Today is a big day for Antonello and my baby niece, Miriam, as she celebrates her first birthday! Even from across an ocean, we have been so fortunate to watch her grow, with my brother's excellent eye and ability to capture the sweet moments of this one year. His flickr account
has been our window into Miriam's world when we can't be with her, from her first days on the planet
to her first haircut,
and the many moments
Paul has helped us watch her grow.
And we've also been lucky to see her quite a bit ourselves during our visits home. Our trip home last year in November
gave us the chance to see her as just a few-weeks-old baby, and the most recent trip in August was such a change, as she was already on her feet, learning to walk, full of personality and warmth, little baby faces that are all her own, and smiles and laughter. She is the sweetest baby ever (said, of course, without bias by the baby's aunt and uncle), and we think about her everyday. Baby Miriam--today we're thinking about you a lot, and we hope you celebrate well! We can't wait to see photos of your very first birthday. Have a blast! We miss you and love you a lot.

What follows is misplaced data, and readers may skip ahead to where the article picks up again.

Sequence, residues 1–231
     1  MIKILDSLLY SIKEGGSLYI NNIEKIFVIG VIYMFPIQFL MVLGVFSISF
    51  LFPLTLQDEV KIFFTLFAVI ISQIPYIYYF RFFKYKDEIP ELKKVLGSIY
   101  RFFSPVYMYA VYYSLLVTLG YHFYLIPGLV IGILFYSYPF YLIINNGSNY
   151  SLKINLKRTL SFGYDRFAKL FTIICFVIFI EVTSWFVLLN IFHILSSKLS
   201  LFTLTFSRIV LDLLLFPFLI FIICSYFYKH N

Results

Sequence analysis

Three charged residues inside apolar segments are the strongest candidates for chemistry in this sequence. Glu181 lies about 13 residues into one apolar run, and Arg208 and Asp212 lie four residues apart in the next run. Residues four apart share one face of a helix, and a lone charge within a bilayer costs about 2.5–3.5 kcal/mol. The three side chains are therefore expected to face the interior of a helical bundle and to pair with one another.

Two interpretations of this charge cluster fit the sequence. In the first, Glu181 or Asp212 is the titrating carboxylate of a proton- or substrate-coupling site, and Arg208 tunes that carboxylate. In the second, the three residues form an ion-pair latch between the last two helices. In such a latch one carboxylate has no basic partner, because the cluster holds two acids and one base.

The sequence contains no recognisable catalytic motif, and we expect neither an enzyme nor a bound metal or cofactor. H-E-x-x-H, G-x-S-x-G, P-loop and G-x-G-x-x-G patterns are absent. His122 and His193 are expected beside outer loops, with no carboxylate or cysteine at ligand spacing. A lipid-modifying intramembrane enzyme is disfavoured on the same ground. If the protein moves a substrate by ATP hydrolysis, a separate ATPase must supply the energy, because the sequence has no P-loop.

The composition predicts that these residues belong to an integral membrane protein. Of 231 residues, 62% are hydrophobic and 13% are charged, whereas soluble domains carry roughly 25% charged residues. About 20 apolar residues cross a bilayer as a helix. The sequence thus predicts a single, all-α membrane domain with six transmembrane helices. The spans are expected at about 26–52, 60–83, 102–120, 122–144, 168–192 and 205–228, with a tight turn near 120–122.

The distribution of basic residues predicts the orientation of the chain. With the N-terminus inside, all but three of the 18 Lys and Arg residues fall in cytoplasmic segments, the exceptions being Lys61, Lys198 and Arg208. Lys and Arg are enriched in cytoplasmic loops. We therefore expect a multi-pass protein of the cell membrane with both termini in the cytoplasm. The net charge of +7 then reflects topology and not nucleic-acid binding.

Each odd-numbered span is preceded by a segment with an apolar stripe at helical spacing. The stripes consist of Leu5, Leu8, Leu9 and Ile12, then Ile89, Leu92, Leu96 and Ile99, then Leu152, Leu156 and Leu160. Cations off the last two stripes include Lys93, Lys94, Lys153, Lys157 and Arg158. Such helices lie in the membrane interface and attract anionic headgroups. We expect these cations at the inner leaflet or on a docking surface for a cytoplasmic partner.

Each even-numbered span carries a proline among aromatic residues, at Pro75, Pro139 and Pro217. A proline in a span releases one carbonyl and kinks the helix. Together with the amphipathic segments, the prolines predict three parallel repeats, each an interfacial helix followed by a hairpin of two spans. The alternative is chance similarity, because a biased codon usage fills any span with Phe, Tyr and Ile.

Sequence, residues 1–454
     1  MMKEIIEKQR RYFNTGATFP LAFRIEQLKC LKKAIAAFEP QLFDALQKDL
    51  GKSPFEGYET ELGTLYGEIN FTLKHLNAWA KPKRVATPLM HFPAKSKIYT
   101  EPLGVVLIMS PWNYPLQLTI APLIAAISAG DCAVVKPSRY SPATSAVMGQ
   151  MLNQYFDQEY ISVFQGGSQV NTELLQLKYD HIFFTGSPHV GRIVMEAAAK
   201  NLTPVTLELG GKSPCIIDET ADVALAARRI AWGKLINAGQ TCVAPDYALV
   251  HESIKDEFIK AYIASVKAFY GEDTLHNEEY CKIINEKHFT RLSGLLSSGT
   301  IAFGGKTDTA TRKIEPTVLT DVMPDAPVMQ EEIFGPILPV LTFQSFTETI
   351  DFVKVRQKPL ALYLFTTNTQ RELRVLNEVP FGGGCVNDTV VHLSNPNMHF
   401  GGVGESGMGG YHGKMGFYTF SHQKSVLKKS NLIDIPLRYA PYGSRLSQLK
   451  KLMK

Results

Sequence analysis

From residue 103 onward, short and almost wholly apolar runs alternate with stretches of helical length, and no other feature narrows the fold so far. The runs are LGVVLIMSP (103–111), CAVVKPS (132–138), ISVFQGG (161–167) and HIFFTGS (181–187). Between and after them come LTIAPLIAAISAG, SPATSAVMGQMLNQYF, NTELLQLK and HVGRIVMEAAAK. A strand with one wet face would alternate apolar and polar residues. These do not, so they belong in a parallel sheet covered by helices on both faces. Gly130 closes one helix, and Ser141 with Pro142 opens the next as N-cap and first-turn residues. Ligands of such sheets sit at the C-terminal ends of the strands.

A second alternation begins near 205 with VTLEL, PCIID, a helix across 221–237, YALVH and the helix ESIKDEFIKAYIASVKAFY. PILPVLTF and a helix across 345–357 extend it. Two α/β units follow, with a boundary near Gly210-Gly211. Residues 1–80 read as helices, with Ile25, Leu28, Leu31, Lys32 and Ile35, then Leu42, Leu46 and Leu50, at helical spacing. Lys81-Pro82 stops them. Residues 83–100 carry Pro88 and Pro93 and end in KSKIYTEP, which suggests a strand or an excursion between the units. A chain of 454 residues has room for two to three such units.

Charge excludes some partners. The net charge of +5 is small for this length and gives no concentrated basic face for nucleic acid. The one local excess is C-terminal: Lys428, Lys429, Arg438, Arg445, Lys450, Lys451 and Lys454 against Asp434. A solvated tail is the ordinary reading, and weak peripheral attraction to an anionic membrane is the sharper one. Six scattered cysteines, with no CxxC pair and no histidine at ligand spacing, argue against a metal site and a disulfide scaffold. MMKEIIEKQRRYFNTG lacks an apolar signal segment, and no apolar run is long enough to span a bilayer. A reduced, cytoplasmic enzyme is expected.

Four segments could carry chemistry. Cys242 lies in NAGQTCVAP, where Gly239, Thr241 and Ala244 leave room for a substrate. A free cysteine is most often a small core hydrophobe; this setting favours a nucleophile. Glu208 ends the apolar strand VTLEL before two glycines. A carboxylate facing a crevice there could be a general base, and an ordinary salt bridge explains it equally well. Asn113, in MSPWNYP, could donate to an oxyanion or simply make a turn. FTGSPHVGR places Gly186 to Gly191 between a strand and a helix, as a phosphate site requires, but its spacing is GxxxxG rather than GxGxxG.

lots of love,
Aunt Jackie & Uncle Antonello
Here comes the sun
Not much to say this morning, as I'm getting prepared to leave to go up to Parma. It's still dark out (I dare not tell you what hour, or you'll think I'm crazy to be leaving so early), and I'm already ready to go back to sleep, but my train awaits. That's right--I'm taking a train this time. The car is going to stay at home with Antonello, where it will get to get some rest instead of being handled by me, early morning, not at all in the mood to be driving, much less driving a stick shift on curvy topsy-turvy italian roads.
This is just a short trip, really, and it should be quite nice, as Corrie is graduating today (congratulations Corrie!!), and we get to spend the entire day celebrating that. Tomorrow morning I'll be coming back home to Macerata (although not quite this early!), and I'll have lessons again, and Wednesday will be Wednesday, not an adventure, just a normal day. Sometimes, though, these hiccups in the week remind me that, even if life is normal as can be with work and classes and hectic schedules grounding me--I live in a country that is still quite foreign to me, a beautiful, fascinating, lovely country, that can be a million miles away from the nearest work day. Surely it was that way back in America too--I just never had the sense to notice.